What you ultimately spend depends reconciling your desires with your available cash. There are inexpensive and mid-range options that provide great value and performance, while some very expensive options only deliver a marginal increase in performance and may not always be the best value.
The following tips will enable you to merge your desires with some practical, cost-effective, strategies for assembling your home theater.
Here are the basic questions you need to seek answers to: Do you want the biggest viewing image possible? Will you be spending more time watching TV, watching movies, listening to music, or playing video games? Do you want to incorporate the internet into your home theater system?
2. Decide Whether to Upgrade or Start From Scratch
Take stock of what you already have and think you might want to keep - at least for now. As you survey what you have, take into consideration what you want your completed home theater system to include. Here are some examples:
One or More Sources: DVD Player, Blu-ray Disc player, game console, network media player, antenna, cable, or satellite TV.
A Sound System: Stereo or home theater receiver and speakers.
Equipment Racks or Cabinet: For placing components and storing discs.
Seating: For comfortable for viewing and listening.
Also, if you are planning to upgrade and throw out your old equipment, check out some great tips on How To Recycle Old Home Theater Electronics.
If you have a small room to work with, or just don't want the hassle of putting together an elaborate setup, consider an appropriate size screen and either a home theater-in-a-box or sound bar system.
Home theater-in-a-box systems are affordable packages that contain most of the components needed, including speakers, a surround receiver, and, in some cases, even a DVD or Blu-ray Disc player.
A sound bar is a design that creates a wider surround-like field from a single speaker cabinet, which can be placed above or below a TV. Some sound bars have their own internal amplifiers and sometimes incorporate a CD/DVD or Blu-ray Disc player. Sound bars save a lot of space and eliminate the need for extra surround speakers in a modest setup.
Although Blu-ray disc players are still more expensive than DVD players, there are some real money-saving advantages to owning a Blu-ray disc player. Blu-ray disc players not only play Blu-ray discs, but also play DVDs and CDs as well.
Also, a growing number of Blu-ray disc players can also play audio, video, and still image content from USB flash drives via an onboard USB port.
Lastly, an increasing number of Blu-ray disc players are also network-enabled. These players can be connected to the internet via a router, allowing you to directly access online audio and video content without using a PC. Check for these, and other features, when shopping for a Blu-ray disc player.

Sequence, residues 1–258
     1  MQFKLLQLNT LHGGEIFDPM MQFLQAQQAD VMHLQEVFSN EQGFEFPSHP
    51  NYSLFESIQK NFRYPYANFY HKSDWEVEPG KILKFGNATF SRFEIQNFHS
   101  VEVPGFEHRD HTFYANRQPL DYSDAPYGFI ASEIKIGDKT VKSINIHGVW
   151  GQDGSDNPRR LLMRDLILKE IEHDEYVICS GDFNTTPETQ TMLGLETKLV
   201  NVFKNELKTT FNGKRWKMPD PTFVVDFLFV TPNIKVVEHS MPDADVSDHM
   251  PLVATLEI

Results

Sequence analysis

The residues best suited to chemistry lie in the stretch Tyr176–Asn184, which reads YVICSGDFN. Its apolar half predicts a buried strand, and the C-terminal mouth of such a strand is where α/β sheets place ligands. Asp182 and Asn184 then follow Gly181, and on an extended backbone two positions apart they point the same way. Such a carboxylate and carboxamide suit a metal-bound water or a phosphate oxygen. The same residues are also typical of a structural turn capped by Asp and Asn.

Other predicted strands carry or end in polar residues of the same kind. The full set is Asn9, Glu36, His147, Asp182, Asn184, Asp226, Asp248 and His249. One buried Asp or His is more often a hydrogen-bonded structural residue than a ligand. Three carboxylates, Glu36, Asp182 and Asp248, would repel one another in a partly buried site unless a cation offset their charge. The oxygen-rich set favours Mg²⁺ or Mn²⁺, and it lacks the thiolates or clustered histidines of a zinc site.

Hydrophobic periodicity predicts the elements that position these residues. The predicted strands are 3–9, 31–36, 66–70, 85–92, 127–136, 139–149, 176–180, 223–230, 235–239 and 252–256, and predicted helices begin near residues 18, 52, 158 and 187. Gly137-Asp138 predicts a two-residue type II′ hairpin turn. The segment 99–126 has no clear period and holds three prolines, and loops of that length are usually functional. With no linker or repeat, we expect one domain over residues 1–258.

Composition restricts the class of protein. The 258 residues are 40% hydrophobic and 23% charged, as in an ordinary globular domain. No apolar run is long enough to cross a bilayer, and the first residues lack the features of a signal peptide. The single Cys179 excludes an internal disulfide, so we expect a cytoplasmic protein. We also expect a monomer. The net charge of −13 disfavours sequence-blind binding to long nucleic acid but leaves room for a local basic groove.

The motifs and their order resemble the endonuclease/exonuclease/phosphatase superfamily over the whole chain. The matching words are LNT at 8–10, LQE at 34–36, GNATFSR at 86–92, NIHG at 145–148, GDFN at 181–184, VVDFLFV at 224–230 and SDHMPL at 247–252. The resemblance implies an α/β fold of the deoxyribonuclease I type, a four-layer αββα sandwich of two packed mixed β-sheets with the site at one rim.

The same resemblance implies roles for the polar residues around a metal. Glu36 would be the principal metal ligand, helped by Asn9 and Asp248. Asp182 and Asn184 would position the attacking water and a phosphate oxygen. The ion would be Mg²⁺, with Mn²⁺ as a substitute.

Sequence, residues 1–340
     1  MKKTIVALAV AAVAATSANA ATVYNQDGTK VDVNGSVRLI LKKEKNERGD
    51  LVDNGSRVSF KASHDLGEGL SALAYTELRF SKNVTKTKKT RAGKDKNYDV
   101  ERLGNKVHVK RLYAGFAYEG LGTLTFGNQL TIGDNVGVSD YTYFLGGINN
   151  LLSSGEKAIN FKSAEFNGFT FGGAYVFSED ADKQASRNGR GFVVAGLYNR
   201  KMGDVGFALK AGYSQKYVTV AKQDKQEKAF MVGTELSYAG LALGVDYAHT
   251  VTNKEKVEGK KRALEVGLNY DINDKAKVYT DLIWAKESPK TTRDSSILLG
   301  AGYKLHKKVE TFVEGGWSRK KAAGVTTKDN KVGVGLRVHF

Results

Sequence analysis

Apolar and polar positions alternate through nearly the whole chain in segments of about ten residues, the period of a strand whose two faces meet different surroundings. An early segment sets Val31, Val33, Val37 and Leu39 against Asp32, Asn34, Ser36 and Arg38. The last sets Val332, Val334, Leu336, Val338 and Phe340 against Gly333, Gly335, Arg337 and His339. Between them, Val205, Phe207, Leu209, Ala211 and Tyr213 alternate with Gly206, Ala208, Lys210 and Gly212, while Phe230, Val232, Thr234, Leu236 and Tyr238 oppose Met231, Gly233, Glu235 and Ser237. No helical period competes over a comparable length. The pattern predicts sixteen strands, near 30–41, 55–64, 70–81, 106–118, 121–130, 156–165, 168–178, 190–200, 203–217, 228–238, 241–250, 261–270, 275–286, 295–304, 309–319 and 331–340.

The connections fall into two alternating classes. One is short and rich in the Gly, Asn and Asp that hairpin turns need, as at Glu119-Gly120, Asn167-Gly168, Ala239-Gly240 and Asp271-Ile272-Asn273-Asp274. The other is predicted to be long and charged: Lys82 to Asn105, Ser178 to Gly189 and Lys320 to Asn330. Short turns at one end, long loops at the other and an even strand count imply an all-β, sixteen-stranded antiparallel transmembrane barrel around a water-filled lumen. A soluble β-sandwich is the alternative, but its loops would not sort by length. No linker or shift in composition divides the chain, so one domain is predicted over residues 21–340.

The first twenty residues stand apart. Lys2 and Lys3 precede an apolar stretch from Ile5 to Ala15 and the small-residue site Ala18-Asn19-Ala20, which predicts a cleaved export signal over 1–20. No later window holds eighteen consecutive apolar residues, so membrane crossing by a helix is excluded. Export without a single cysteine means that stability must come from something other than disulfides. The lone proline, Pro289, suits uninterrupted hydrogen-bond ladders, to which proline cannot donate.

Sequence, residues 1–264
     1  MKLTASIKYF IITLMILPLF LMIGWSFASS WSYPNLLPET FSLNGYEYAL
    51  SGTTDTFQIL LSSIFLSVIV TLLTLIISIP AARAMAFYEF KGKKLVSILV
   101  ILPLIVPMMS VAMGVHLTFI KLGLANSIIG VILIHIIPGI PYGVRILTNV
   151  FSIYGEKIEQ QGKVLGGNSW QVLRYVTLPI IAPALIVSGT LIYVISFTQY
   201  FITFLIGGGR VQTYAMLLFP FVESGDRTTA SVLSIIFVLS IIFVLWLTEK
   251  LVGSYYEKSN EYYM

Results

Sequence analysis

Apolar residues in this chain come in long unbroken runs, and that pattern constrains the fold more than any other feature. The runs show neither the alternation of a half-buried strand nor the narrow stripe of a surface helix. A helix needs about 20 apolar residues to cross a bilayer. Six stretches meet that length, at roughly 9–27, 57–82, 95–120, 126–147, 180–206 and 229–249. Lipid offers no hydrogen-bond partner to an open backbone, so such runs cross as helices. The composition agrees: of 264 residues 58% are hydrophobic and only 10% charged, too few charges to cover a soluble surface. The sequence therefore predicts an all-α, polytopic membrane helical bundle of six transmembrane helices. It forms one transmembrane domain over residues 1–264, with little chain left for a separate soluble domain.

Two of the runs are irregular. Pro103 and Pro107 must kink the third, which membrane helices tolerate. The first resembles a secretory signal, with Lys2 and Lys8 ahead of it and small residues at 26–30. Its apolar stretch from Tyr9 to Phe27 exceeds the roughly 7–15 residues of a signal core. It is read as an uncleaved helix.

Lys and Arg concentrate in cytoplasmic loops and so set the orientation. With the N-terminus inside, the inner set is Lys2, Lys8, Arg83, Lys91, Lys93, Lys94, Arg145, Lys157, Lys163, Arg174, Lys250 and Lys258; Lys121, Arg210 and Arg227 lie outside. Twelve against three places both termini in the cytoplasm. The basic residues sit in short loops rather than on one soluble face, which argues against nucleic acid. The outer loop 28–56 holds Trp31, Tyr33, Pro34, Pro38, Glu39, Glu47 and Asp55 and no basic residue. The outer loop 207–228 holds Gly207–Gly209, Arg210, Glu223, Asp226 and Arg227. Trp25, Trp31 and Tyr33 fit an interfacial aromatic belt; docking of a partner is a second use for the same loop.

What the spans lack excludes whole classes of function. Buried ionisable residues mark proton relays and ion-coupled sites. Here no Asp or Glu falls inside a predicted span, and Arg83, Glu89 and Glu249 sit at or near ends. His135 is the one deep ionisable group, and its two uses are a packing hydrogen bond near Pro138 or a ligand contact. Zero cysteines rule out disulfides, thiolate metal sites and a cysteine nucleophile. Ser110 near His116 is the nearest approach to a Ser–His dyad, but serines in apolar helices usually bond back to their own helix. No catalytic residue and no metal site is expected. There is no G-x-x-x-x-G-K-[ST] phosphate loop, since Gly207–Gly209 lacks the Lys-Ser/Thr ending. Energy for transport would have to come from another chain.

We are always looking for bargains. One way save money in putting together a home theater is to buy refurbished products, especially if you don't need the latest and greatest. When most of us think of a refurbished item, we think of something that has been opened up, torn apart, and rebuilt, like an auto transmission rebuild, for instance.
However, in the electronics world, it is not so obvious what the term "refurbished" actually means for the consumer. Before you embark on your quest to find those great deals, arm yourself with some useful shopping tips for buying refurbished products.
When you buy a TV, Blu-ray disc player, home theater receiver, speakers, and subwoofer, the cost for those items isn't your final total. You still need cables, wires, and possibly other accessories, such as a universal remote control and surge protector, to get it all set up and working. Accessories can be expensive, but they don't have to be. Avoid both the $100 six-foot HDMI cables and the too-good-to-be-true bargain basement stuff.
7. Consider the Long-range Costs of Using Your Home Theater System
It doesn't do any good to spend money on a home theater if you don't have the money to enjoy it on an ongoing basis. Here are some things to take into consideration:
A. Discs. The average price of a DVD movie is about $15, while the average price of a Blu-ray Disc movie is about $25. Always watch for sales. Consider renting DVD/Blu-ray discs if you are not interested in keeping them.
B. Cable and satellite fees (depends on the package that you contract for).
C. Pay-per-view (prices vary, can be a little as $3.99 per view or $20 or more for certain special events).
D. Internet Streaming Fees (some providers require monthly subscription - while others require pay-per-view).
E. Video projector lamp replacement (several hundred dollars a pop after a certain amount of viewing hours - usually 3,000 to 5,000 - depends on projector brand/model).
Home theater can be a real money saver, if you buy smart. The key things: Don't buy the cheapest, but don't overpay for just a minor increase in performance. Be comfortable with your purchase. If you can't afford everything right away, a practical way to start is to buy a good TV and build out from there.